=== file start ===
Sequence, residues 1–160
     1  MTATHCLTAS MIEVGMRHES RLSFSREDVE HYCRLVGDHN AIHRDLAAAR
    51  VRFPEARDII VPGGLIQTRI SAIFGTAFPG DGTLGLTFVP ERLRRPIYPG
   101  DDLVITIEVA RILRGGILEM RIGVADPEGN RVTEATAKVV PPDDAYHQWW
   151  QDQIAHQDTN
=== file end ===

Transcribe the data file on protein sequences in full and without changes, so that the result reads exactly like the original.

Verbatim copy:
Sequence, residues 1–160
     1  MTATHCLTAS MIEVGMRHES RLSFSREDVE HYCRLVGDHN AIHRDLAAAR
    51  VRFPEARDII VPGGLIQTRI SAIFGTAFPG DGTLGLTFVP ERLRRPIYPG
   101  DDLVITIEVA RILRGGILEM RIGVADPEGN RVTEATAKVV PPDDAYHQWW
   151  QDQIAHQDTN